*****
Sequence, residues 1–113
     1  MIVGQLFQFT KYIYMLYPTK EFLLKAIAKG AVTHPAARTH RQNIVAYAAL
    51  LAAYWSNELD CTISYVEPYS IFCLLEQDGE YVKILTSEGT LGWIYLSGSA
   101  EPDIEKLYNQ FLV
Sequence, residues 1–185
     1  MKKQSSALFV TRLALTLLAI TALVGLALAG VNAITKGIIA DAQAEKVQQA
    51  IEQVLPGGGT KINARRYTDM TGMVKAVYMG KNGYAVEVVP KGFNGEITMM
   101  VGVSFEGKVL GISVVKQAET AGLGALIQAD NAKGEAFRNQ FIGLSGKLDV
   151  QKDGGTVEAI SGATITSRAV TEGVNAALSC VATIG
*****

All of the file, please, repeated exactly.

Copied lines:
Sequence, residues 1–113
     1  MIVGQLFQFT KYIYMLYPTK EFLLKAIAKG AVTHPAARTH RQNIVAYAAL
    51  LAAYWSNELD CTISYVEPYS IFCLLEQDGE YVKILTSEGT LGWIYLSGSA
   101  EPDIEKLYNQ FLV
Sequence, residues 1–185
     1  MKKQSSALFV TRLALTLLAI TALVGLALAG VNAITKGIIA DAQAEKVQQA
    51  IEQVLPGGGT KINARRYTDM TGMVKAVYMG KNGYAVEVVP KGFNGEITMM
   101  VGVSFEGKVL GISVVKQAET AGLGALIQAD NAKGEAFRNQ FIGLSGKLDV
   151  QKDGGTVEAI SGATITSRAV TEGVNAALSC VATIG